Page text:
Re: Accept-Charset support
On Sun, 8 Dec 1996, Koen Holtman wrote:
> Larry Masinter:
> ># Content-Type: text/html;charset=utf-8
> ># Content-Features: utf-8-cs="<hebrew>" utf-8-cs="<latin-x>"
> >There's no real point to this, though. The text/html;charset=utf8
> >is enough to tell you how to interpret the body, and the body itself
> >will tell you which repertoire(s) are used. ^^^^^^^^^^^^^^^
Yes, it will; but the whole point of entity header fields seems to
be to have essential metainformation available without/before peeking
into the body.
Attempt to define "essential": Essential metainformation is
metainformation that enables a client to make decisions about what to do
with the content which have to be made (or should be made) before looking
at the content. Examples for a Web browser: whether to render, or start
a file save dialog, or invoke an external viewer (and which one).
The example given earlier by Larry Masinter, about a browser understanding
HTML 3.5 tables but not the "border" parameter, would not be about
essential information; it is unlikely that a client has different
rendering processes available to choose from, of which one understands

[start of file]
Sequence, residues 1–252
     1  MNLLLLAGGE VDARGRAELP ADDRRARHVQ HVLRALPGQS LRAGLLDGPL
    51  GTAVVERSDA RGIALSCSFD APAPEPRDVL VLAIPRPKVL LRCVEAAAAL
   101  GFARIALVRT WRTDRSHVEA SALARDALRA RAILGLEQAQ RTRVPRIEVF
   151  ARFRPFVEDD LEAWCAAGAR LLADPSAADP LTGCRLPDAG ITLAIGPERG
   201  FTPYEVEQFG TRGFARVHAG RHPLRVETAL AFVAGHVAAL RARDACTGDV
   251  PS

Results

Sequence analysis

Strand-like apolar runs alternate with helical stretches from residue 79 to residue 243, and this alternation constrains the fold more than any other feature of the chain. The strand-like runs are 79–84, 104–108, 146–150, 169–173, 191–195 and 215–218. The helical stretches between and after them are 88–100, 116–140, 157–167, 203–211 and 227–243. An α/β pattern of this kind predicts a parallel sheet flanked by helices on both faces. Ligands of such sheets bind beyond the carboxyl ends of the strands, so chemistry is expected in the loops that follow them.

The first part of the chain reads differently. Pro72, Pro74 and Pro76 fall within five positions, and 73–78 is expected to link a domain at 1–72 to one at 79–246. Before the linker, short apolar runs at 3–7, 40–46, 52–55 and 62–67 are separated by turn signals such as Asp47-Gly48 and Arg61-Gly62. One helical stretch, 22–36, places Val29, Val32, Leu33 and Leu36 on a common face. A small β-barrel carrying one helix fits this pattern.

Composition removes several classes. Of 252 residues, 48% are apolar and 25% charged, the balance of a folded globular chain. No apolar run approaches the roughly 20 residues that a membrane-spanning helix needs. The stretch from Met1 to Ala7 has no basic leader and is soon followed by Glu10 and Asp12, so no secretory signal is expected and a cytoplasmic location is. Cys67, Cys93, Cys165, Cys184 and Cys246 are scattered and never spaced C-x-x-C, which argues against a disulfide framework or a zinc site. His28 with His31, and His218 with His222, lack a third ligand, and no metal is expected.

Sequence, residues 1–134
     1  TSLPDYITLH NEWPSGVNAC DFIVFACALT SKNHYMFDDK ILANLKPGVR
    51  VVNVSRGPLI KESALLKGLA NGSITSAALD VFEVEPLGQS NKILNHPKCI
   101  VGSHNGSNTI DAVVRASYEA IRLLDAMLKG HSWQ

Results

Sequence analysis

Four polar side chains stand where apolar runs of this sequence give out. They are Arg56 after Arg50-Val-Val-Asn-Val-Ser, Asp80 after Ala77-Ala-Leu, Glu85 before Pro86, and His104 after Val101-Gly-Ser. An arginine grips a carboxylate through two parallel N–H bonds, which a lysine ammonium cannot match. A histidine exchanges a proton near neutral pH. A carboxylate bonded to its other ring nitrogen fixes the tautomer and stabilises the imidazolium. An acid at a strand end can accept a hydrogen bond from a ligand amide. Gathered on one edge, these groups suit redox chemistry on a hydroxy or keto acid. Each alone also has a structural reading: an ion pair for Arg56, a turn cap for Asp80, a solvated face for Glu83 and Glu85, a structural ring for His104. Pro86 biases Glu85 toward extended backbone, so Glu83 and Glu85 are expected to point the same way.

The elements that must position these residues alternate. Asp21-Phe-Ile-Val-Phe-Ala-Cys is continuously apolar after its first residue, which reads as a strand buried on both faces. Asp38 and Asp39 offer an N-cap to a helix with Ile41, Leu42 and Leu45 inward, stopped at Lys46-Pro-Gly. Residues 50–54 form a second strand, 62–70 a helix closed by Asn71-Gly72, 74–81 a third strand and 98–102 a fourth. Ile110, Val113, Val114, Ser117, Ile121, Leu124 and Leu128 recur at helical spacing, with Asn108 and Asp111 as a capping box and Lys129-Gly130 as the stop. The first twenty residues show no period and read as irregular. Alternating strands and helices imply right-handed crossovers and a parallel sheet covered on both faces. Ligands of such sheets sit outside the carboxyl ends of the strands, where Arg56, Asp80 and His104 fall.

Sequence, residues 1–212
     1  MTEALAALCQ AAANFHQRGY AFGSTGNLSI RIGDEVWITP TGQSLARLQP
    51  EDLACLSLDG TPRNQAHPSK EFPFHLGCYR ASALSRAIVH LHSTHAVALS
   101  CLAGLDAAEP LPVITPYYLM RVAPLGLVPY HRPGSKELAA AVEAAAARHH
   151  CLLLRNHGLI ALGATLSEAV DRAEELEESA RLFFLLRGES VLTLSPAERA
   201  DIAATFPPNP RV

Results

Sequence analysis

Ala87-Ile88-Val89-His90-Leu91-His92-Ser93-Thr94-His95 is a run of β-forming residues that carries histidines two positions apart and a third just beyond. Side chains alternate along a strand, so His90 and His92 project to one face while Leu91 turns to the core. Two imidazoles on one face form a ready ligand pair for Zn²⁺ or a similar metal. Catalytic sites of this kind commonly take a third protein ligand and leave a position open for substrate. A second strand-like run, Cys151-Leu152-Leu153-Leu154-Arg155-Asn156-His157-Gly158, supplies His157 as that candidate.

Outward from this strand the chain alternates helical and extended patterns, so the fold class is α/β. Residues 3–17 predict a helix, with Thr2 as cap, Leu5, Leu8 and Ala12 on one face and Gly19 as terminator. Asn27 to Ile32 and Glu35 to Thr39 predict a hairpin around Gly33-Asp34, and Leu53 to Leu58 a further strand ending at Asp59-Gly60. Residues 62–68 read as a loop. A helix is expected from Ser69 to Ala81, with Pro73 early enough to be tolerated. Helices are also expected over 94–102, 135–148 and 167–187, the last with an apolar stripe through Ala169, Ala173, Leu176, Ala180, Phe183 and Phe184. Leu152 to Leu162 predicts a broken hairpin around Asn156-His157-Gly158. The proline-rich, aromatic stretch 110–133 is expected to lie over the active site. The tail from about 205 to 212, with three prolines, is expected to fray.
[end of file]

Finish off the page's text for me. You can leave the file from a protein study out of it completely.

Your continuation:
"border" and the other does not.
> Yes. Consider the above a bad example. I should have written:
> Accept-Charset: utf-8
> Accept-Features: utf-8-cs="<hebrew>", utf-8-cs="<latin-x>", *
> because we are really talking about how the user agent can make its
> capabilities known to the server.
Ok but that character (sub-)repertoire would also be useful ("essential"
in many cases) for non-nogotiating clients. [Of course you may think
there shouldn't be any non-negotiating clients left, but that probably
will take a while.]
> The content-features header is not really useful. It is only there for
> symmetry with Accept-Features. Even if it is present in a response, it is
> not supposed to list all features used by the content, but only the features
> that were negotiated on.
That would make Content-Features less useful for carrying additional
information in other protocols, e.g. mail.
> You should be able to know which features to use
> by looking at the content itself.
I think charset (sub-)repertoire information should be available without
looking at the content. That may be less of a concern for monolithic
Web browsers prevalent today. But the protocol shouldn't be restricted
to that paradigm.